Directed by Richard Loncraine
103 min Digital 15
Back on the big screen in a new Park Circus digital restoration, and part of the BFI Shakespeare on Film Season, Richard III is looking mighty fine at age 21. A bombastic and zippily-paced adaption of the bard’s epic study of villainy and ambition, this version, originally released in 1995, was adapted by actor Ian McKellen and Richard Loncraine from the National Theatre’s stage production by Richard Eyre. It helped make McKellan the international star he is today, he himself admitting it opened up the roles of Magento in X-Men and Gandalf in Lord of the Rings (though of course he had a long history of film and TV work before).
This take on Richard III is set in a glamorous, alternate history of 1930s England, full of silk and champagne and braided uniforms. A vicious civil war is taking place, one fought with WWII-era submachine guns and tanks, and within the first five minutes a gas mask and trench coat wearing Richard, Duke of Gloucester, has murdered the current besieged King (after driving his tank through the King’s HQ wall) with a pistol. To the sounds of gunshots, the RICHARD III title flashes up on screen as McKellan rips off the gas mask, revealing a sneer under a pencil mustache. The film never deviates from this hyper-stylised tone, and the fact it embraces it so fully makes it all the stronger.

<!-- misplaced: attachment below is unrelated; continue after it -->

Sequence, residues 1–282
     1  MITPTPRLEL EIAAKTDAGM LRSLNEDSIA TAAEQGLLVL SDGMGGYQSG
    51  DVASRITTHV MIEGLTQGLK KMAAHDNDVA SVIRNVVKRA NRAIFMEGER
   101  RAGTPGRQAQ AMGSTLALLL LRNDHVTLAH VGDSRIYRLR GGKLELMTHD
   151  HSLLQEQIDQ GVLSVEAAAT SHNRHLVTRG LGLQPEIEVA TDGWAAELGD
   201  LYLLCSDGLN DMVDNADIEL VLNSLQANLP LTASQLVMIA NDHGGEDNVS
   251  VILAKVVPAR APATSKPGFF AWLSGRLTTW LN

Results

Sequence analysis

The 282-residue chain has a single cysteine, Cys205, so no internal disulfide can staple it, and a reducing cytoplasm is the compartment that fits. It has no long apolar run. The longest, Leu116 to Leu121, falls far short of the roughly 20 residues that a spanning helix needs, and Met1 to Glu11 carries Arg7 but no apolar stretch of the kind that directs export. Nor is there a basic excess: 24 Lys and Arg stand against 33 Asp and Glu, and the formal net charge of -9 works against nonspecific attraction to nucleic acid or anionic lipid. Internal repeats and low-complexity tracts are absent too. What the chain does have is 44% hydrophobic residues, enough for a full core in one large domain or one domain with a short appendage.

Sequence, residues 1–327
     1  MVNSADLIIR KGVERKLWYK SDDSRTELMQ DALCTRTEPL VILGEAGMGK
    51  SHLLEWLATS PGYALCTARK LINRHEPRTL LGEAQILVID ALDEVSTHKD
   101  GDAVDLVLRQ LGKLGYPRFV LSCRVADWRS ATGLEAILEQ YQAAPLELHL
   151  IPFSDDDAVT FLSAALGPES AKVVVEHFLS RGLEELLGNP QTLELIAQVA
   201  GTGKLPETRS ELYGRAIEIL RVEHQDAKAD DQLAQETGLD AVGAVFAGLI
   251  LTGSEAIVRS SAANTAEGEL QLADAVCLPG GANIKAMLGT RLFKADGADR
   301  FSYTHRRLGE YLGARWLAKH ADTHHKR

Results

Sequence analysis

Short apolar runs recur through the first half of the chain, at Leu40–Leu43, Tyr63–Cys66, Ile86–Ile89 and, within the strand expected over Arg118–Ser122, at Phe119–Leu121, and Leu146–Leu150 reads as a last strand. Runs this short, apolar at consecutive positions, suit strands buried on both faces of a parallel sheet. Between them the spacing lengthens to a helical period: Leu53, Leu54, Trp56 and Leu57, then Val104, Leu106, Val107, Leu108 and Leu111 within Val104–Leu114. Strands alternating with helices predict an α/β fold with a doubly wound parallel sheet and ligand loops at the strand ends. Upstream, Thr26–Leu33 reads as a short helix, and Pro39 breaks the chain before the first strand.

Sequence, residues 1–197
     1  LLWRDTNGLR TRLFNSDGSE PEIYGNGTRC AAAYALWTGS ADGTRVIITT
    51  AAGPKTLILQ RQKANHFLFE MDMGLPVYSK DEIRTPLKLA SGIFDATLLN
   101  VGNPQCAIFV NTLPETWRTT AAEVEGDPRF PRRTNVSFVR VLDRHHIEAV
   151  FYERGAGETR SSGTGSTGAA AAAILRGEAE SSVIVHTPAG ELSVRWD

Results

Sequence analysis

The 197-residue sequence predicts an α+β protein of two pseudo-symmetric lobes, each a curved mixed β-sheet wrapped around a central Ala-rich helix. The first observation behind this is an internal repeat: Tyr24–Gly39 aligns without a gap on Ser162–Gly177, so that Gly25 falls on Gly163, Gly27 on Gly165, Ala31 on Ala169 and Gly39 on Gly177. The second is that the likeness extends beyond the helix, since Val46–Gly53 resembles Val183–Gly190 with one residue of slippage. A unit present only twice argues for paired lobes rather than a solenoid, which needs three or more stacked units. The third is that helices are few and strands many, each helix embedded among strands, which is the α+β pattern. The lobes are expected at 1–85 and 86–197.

Impressively squeezing the huge play into just two hours (McKellan and Loncraine have claimed only about a quarter of the text is on screen) through bold visuals, vivid set designs and costuming that clearly defines each character and place, and working with actors who deliver the ornate dialogue with comfortable ease, Loncraine gives us a rip-roaring tale of the classic ambitious ruler who could ‘murder while he smiles’. At the heart of the film is the oversized but compelling performance from McKellan, bedecked in regalia that blends British aristocracy with Italian and German fascist pomp, lurching about the place due to his character having a limp and withered arm. Though a disgusting, murdering villain, what makes Richard III so compelling is the way we are given access to his thoughts via to-camera addresses, a very postmodern touch from the bard which survives today in the shape of characters like House of Cards’ Frank Underwood. Through these intimate conversations about his schemes, we the audience become complicit in his deeds, as Richard moves, out of a mix of spite (he is a physically disabled child of his mother’s brood after all), ambition and his own self-hatred, to murder his way through his own family tree to get to the throne. We are both shocked at how far he will go and how brazen his scheming becomes – at one point Richard woos the wife of one of his slaughtered foes in the actual morgue where she mourns – but we also come to understand that an unstable but all-too-human mixture of feelings drive him.